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SCOTUS Holds LWOP for Juveniles Does Not Require Finding of Incorrigibility

The Court’s decision came after Brett Jones was resentenced again to LWOP in light of the Court’s holding in Miller v. Alabama, 567 U.S. 460 (2012), that a person who commits homicide when he is under age 18 may be sentenced to LWOP but only if the court had discretion to impose a lower sentence. Jones was originally sentenced to LWOP for the stabbing death of his grandfather in Mississippi, and the judge imposed the same sentence after Miller but without finding that Jones was unable to be rehabilitated in prison.

The issue that Jones presented to SCOTUS was that because Miller made much of the fact that juveniles are normally prone to change as they mature and should not routinely be thrown in prison for the rest of their life, a sentencing judge must establish on the record that a juvenile is unable to be rehabilitated and should spend their entire life in prison. SCOTUS, however, disagreed and cited its prior cases that led up to Miller on why a finding of incorrigibility is not constitutionally required.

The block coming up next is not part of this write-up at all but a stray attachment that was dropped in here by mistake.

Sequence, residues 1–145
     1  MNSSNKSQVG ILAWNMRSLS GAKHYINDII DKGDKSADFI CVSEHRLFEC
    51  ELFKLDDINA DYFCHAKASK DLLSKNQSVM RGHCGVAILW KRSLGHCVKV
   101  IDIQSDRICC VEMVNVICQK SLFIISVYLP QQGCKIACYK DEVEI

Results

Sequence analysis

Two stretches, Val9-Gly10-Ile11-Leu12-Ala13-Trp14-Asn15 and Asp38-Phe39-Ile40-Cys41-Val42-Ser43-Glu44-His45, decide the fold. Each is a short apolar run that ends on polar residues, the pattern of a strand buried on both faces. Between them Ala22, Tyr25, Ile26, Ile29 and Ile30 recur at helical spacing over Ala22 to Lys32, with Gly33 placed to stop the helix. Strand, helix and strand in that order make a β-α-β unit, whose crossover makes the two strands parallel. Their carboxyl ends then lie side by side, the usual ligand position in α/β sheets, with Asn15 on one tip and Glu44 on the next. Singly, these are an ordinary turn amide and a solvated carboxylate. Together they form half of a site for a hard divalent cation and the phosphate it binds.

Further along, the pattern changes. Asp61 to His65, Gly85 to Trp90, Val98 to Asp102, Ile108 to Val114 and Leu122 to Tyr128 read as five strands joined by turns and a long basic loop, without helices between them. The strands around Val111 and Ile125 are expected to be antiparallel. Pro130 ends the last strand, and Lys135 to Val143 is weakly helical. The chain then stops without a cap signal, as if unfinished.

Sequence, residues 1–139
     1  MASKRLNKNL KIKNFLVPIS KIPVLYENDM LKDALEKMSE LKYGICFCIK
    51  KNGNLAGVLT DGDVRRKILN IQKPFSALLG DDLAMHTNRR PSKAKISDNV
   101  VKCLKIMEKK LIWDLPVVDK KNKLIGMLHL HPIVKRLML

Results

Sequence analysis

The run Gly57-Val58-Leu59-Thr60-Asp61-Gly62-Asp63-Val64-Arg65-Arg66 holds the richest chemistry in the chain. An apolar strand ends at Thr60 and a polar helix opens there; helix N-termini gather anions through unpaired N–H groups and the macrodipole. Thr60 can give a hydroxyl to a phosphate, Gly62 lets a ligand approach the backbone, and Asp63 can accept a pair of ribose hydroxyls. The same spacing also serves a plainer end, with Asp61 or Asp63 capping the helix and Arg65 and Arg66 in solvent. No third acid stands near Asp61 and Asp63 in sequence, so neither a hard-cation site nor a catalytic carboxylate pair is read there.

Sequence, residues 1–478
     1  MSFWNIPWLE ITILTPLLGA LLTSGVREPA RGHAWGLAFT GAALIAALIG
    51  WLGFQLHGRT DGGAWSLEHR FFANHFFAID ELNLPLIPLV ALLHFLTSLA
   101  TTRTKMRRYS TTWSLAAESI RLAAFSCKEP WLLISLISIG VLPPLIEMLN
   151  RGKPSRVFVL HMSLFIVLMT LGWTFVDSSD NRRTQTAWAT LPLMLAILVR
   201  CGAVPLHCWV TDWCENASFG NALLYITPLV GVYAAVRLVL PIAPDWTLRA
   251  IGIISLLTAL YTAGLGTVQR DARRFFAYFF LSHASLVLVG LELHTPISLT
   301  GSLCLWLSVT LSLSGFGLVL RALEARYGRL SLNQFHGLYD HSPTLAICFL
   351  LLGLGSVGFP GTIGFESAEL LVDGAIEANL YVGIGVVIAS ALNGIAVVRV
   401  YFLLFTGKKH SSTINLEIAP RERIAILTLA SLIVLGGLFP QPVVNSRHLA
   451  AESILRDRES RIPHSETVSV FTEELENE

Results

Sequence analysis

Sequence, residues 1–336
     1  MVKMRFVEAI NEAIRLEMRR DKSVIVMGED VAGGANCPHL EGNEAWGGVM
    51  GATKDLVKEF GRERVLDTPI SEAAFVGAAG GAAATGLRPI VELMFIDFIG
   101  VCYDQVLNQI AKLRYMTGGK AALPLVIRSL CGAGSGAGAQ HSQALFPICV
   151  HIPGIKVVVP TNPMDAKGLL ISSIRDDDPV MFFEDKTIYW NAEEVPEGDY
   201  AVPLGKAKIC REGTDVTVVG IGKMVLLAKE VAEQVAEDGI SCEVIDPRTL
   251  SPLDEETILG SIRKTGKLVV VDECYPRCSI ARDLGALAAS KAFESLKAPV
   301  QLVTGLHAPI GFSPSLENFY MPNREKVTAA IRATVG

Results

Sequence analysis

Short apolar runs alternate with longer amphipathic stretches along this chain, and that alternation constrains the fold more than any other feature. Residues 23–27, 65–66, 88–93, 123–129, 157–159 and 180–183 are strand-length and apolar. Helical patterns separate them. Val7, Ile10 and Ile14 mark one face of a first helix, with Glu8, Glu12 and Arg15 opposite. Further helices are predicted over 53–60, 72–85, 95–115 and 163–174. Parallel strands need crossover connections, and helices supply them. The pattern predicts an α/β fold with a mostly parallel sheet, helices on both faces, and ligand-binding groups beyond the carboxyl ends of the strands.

SCOTUS began by discussing that the Eighth Amendment, which prohibits “cruel and unusual punishments,” led it to rule in Roper v. Simmons, 543 U.S. 37 (2005), that the Eighth Amendment forbids the death penalty for those who were under 18 at the time they committed murder. SCOTUS then ruled in Graham v. Florida, 560 U.S. 48 (2010), that it also forbids LWOP for those under 18 who committed non-homicide offenses. Notably, SCOTUS had not prohibited LWOP for those under 18 found guilty of homicide.

Two years later, the high court decided Miller and made express what was not addressed in the foregoing line of cases, i.e., individuals under 18 at the time they committed murder can be sentenced to LWOP but only if the sentence is not mandatory and the judge has discretion to impose a lower sentence. Jones provided several arguments why a sentencing judge must consider incorrigibility on the record before imposing LWOP.